10 quick writing tips

Writing is an art, a craft. Much like painting a masterpiece, one must consider the whole picture when writing a novel. This applies to shorter works, as well, but especially a novel, I'd say. I've oft said anyone can write a decent if not good novel, and I stand by that statement. Not many do it, because it is hard, but anyone can do it, because it is easy. Ponder this paradox, if you will, but here are ten tips I have for aspiring authors, now that I have traveled down the road a ways (though not far enough). Some of these tips may not be for everyone; some may wish to do the complete opposite. It is up to every individual writer to determine their writing process. At any rate, here's some of what I've learned.

1. Always write when you feel like it.

As the logline suggests, always write when you feel like it. It's when you burn with the most passion and when you long to write the most that your work will shine the most. It will, of course, require some rewriting/editing, but with adrenalin and passion as fuel, you will turn page after page.

2. When you don't feel like writing, do it anyway.

Even if you don't feel like writing, it is a good idea to do so; writing should be routine. I've sort of fallen out of my routine, which leads to procrastination and no work done. If you have to wait until you feel like writing, then you may never finish anything. Not a good idea. Writing a novel is a time-consuming task, so it is not feasible to merely work when you feel like it, even though that may be the best time to write.

3. Place grammar aside.

A good writer will likely have a good sense of grammar, without actively thinking about it. But any mistakes can be corrected at a later time, and if a mistake persists, it's not the end of the world, nor your book. A book is about a good story, not good grammar. Unless it's a grammar book, of course. If bad grammar and misspellings are EVERYWHERE, it can be very annoying, but one minor mistake somewhere is not the end of the world.

4. Write where you feel comfortable and happy.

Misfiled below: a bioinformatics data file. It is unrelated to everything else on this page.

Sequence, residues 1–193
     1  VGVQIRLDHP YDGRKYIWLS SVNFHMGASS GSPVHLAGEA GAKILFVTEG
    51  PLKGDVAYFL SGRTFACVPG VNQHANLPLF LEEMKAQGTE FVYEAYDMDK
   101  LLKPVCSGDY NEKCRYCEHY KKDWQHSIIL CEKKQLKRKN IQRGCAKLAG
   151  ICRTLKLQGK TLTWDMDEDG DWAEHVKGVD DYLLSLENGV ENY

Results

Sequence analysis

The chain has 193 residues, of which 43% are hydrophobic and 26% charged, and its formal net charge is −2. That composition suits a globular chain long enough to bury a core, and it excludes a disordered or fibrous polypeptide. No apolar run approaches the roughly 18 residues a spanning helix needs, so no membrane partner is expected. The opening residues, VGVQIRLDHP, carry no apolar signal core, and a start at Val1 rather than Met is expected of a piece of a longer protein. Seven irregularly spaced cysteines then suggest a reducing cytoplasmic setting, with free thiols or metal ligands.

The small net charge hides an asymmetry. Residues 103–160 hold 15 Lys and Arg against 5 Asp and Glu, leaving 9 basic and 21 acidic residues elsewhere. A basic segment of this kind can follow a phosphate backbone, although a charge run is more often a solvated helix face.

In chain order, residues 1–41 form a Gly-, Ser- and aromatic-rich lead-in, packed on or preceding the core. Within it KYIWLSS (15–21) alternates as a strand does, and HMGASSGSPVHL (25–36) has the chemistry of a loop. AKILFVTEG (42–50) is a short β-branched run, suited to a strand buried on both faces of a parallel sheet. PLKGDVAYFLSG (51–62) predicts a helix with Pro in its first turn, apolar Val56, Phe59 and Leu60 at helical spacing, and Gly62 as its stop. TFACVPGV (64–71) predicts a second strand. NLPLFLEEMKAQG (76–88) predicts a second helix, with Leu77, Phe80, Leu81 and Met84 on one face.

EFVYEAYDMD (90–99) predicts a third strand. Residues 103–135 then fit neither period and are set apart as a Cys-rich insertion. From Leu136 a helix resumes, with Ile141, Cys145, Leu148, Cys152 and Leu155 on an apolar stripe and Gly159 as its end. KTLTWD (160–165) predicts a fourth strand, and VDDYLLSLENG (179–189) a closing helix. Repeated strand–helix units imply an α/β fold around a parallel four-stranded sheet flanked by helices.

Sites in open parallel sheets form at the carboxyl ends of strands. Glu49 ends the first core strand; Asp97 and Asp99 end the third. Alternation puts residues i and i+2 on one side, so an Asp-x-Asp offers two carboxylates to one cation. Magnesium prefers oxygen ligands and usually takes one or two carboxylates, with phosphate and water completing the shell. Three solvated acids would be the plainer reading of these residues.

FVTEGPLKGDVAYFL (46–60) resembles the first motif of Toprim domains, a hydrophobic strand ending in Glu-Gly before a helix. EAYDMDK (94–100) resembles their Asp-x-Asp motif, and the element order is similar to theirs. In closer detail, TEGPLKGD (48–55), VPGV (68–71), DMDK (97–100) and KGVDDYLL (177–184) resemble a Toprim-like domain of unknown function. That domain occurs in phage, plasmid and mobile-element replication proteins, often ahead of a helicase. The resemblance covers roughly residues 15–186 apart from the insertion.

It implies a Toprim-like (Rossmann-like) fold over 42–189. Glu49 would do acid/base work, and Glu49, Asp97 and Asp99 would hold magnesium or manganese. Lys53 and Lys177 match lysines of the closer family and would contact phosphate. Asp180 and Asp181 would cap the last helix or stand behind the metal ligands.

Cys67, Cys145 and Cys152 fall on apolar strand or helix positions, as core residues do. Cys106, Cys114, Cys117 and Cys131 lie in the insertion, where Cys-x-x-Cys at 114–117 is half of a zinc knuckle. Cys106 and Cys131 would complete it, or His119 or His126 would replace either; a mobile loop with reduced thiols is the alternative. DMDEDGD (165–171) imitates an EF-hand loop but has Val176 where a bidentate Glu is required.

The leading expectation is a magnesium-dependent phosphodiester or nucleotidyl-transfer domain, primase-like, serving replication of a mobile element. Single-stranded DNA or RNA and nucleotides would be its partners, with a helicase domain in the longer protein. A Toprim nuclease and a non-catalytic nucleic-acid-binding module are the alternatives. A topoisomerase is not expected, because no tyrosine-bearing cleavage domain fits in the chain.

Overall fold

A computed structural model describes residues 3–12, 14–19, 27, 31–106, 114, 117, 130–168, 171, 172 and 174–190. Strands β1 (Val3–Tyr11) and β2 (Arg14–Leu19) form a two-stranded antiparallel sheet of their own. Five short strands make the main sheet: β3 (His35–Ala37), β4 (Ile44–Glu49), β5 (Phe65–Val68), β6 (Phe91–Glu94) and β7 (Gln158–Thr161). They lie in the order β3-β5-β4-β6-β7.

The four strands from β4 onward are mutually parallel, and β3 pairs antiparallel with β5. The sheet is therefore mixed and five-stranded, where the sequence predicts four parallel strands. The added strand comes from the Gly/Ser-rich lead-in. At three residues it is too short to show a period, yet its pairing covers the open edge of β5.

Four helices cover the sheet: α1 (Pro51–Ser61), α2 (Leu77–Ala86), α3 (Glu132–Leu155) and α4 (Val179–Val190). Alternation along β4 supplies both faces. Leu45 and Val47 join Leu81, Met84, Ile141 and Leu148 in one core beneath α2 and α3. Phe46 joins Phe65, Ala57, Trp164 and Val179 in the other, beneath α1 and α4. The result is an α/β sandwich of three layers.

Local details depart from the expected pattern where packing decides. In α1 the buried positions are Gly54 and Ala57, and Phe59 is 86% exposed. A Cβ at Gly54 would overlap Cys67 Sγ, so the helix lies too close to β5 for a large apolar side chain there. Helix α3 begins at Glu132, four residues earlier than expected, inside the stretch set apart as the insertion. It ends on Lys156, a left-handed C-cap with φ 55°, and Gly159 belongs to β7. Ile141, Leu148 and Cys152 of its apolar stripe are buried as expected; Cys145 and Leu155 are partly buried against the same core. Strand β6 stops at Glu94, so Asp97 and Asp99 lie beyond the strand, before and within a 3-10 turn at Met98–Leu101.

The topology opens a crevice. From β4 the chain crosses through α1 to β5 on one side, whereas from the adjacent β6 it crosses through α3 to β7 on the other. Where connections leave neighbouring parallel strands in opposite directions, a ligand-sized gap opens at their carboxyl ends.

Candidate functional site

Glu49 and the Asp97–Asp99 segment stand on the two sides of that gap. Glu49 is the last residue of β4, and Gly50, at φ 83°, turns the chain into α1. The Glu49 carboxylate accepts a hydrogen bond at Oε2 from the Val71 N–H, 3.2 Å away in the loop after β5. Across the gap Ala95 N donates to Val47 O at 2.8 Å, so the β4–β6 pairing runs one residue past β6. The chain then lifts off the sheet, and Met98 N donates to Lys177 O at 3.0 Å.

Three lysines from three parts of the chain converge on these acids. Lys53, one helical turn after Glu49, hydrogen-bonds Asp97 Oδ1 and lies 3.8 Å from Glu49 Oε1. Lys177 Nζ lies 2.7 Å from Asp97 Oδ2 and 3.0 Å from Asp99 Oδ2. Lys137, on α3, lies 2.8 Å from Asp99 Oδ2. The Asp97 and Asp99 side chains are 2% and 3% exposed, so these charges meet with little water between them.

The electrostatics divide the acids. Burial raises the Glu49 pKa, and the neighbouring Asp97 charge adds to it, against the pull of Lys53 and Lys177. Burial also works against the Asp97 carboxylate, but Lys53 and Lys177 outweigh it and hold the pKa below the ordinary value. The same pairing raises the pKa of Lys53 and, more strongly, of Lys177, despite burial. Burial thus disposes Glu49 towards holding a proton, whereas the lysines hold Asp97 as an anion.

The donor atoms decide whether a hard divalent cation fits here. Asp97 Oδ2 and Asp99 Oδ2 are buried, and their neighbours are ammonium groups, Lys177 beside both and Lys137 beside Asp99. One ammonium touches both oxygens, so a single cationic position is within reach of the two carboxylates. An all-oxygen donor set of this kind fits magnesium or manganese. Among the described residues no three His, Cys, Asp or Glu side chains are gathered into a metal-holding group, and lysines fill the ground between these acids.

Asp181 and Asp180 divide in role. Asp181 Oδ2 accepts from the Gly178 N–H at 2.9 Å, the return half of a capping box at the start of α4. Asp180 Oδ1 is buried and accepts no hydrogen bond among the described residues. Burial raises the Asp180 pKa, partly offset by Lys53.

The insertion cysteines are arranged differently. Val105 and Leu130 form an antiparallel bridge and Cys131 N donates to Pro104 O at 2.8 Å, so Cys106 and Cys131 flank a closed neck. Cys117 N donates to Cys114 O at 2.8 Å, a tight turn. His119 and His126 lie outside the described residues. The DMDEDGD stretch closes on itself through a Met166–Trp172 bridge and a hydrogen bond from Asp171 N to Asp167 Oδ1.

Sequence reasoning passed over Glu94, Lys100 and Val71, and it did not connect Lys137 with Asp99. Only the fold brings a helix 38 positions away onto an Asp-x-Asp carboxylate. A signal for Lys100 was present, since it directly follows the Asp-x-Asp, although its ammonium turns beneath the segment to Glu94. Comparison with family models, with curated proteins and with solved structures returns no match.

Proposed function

This does not necessarily pertain to a real, physical location. Your state of mind should be one in which you can work. If you long to be someplace else, you may not be caught up in your work. Perhaps you check Facebook every other second, and Twitter the second you're not on Facebook. Not good.

This can also be about a real location, of course. I've noticed that I feel better and can more easily work when I've recently cleaned. When my place is messy, it's not as easy to work. Same thing with the lighting. I've noticed I like to have a faint, warm, orange glow—a cozy light. I don't want my writing environment to be too bright or too dark. But I suppose this is about personal preference.

Just one really good tip: Turn off your access to the Internet. I don't do it; I don't have the willpower. But it is surely a good idea.

5. Never make promises too early.

I've done this. I was too optimistic with when I'd be able to release my book. You have to keep pushing back the release, or you must release the book when it's not ready. Either way, it's not a good idea. The editing process will take longer than planned, especially if you have beta readers. It's better to wait until you feel ready or if you know you will be ready soon, and then schedule the release. Make promises only when you know you can fulfill them.

6. If you feel lonely, turn on the TV